Posted: 6 Min ReadFeature Stories

Symantec Security Summary - June 2021

Ransomware: Need we say more?

Ransomware payback. Amidst the cascade of fresh ransomware attacks, we finally heard some positive news: A rare recovery of the ransomware paid out to a criminal enterprise.

The U.S. Department of Justice clawed back the majority of the cryptocurrency ransom Colonial Pipeline paid out to hackers after cyber criminals hacked its IT network last month, crippling fuel deliveries up and down the East Coast. The giant East Coast pipeline company, which shut down operations for 11 days after the attack that led to gas shortages and price hikes, confirmed it paid $4.4 million in bitcoin to the DarkSide ransomware gang. DarkSide operates from Eastern Europe under a ransomware-as-a-service model and claims that it’s apolitical and not linked to any nation states.

According to Deputy Attorney General Lisa Monaco, the FBI recovered 63.7 Bitcoins out of the approximately 75 originally paid out by Colonial Pipeline. Investigators, who tracked the ransom payment across multiple Bitcoin addresses, recouped most of the funds after gaining access to the private key or password for one of DarkSide’s Bitcoin wallets, although there were no specifics on tactics. The recovery operation was the first for the Biden Administration’s recently-formed ransomware and digital extortion task force. “Ransomware attacks are always unacceptable, but when they target critical infrastructure, we will spare no effort in our response,” said Monaco. The DOJ has also said it plans to coordinate anti-ransomware efforts with the same set of protocols used for terrorism.

DarkSide has reportedly collected more than $90 million in bitcoin ransoms. But in a twist, the group itself became a victim when it lost access to servers and its cryptocurrency was transferred to an unknown wallet in May. The Washington Post reports the U.S. government was not behind the disruption to DarkSide’s operations.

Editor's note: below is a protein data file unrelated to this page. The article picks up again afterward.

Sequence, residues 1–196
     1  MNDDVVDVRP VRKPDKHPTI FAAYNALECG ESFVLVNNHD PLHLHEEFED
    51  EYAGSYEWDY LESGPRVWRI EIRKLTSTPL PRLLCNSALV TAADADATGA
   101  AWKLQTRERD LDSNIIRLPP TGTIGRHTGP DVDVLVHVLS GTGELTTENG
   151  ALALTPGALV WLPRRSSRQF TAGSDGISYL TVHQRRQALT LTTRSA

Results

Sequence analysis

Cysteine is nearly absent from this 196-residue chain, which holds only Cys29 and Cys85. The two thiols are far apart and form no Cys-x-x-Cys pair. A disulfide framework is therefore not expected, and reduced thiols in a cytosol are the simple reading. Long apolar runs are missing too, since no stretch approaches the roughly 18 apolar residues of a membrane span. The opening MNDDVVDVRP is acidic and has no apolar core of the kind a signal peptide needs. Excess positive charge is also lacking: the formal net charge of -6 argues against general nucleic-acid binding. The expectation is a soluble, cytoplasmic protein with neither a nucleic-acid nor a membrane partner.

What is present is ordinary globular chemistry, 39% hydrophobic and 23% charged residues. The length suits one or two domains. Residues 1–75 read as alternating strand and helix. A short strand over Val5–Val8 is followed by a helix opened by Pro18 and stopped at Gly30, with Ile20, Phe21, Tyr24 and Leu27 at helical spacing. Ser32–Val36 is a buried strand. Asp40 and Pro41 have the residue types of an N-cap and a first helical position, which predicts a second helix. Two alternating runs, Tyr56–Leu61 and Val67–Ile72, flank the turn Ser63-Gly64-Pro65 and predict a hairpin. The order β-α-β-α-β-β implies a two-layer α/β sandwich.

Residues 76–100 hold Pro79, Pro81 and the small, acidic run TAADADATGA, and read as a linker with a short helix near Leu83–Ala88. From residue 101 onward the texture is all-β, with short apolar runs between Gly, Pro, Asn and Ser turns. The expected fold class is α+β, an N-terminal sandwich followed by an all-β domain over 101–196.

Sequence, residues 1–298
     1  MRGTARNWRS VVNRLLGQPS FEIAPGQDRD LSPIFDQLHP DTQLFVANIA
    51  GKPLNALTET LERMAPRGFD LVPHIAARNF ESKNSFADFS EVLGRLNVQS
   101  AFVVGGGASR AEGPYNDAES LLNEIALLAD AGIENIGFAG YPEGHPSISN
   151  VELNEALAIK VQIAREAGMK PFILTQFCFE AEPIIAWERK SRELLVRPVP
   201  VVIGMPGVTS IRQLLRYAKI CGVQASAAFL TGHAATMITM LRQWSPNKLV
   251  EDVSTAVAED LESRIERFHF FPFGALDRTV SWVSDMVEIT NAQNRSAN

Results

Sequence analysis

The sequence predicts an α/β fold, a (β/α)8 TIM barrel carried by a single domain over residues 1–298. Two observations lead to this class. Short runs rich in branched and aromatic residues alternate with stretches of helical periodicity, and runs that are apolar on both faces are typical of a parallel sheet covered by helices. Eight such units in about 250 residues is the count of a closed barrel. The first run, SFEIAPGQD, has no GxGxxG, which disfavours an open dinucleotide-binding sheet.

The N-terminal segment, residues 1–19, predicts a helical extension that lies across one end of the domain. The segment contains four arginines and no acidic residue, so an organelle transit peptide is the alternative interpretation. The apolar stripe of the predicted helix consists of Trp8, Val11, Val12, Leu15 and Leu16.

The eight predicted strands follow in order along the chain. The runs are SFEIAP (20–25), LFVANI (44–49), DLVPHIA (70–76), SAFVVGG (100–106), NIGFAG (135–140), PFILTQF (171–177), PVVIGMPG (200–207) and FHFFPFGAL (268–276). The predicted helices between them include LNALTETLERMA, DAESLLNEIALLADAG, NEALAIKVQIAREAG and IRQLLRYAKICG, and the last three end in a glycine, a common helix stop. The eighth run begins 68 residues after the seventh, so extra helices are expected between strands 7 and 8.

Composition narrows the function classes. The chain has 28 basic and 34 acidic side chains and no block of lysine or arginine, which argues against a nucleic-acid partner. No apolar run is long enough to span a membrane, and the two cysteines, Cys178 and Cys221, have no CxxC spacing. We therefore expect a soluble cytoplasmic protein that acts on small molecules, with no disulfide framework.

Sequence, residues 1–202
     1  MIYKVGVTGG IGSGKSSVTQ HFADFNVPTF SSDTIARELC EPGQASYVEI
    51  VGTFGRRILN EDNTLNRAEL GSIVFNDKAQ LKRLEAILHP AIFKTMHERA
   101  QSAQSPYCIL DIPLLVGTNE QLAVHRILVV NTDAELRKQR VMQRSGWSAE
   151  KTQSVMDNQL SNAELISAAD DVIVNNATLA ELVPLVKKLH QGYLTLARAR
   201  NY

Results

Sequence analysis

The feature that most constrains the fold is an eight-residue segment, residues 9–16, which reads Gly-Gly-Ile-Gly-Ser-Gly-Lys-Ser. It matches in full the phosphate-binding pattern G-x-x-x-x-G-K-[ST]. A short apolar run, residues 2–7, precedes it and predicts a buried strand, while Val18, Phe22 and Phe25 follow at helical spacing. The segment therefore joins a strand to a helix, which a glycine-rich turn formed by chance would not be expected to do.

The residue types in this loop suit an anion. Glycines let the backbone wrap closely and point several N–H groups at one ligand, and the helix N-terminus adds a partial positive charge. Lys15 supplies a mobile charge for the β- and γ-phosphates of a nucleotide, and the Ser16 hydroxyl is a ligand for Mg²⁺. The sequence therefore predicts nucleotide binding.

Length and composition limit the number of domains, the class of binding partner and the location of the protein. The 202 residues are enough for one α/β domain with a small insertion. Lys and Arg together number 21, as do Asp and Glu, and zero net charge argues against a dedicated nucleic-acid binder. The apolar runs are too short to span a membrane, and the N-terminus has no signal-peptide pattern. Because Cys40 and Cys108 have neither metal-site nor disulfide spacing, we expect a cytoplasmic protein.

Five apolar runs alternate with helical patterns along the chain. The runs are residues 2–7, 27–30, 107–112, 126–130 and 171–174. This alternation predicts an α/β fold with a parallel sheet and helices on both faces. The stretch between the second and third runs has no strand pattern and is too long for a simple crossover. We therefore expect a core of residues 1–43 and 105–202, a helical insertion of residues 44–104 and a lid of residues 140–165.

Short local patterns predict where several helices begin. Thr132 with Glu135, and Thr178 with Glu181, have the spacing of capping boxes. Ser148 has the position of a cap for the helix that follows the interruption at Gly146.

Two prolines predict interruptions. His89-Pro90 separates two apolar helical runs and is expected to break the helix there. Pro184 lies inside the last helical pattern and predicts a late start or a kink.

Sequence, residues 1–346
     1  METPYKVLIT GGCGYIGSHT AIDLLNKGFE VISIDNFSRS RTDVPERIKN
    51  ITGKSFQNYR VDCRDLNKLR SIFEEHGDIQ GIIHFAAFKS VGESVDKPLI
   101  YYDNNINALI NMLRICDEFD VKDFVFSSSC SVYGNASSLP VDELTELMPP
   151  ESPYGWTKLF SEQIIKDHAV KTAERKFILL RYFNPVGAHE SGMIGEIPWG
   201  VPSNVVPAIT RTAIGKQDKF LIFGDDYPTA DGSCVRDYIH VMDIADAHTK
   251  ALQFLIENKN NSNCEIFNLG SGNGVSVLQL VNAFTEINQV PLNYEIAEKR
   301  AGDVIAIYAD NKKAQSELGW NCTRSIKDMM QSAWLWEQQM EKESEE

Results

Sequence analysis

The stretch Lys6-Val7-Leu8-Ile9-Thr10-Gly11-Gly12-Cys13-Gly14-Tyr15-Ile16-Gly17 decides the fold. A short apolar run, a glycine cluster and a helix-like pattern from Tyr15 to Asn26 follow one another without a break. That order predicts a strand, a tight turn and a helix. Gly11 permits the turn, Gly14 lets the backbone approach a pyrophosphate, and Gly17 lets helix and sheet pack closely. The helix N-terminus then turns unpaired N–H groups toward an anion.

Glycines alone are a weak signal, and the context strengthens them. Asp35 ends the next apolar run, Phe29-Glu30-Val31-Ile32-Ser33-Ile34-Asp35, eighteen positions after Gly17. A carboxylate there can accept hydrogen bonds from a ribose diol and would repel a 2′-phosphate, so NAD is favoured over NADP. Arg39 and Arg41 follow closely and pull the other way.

Amidst the cascade of fresh ransomware attacks, we finally heard some positive news: A rare recovery of the ransomware paid out to a criminal enterprise.

High-profile targets. Colonial Pipeline isn’t the only big player targeted by the latest spate of ransomware attacks. JBS, a major meat producer, also suffered a ransomware attack that affected IT systems in North America and Australia, prompting it to shut down plants and alert customers and suppliers to possible delayed transactions. In a statement, the FBI attributed the JBS attack to the REvil ransomware gang (aka Leafroller and Sodinokbi) and “pledged to work diligently to bring the threat actors to justice.” It also emphasized the importance of private sector partnerships in ensuring a quick response to the increasing number of cyber intrusions.

Meanwhile, JBS reported “significant progress” in resolving the attack that hit its North American and Australian operations.

REvil, which has been linked to Russia, has taken credit for hacking Taiwanese hardware supplier Quanta Computer and has published secret Apple device blueprints in the past. Now the group appears to be escalating with an alleged representative of the ransomware gang threatening to double focus on U.S. targets. In an interview posted to the Russian OSINT Telegram channel, since deleted, the purported spokesperson made those assertions while also claiming the group is not afraid of being considered a terrorist organization. In response to U.S. actions, the REvil spokesperson said, “since there’s no point in avoiding the U.S. targets anymore, we have lifted all restrictions. From now on, every entity in this country can be targeted.”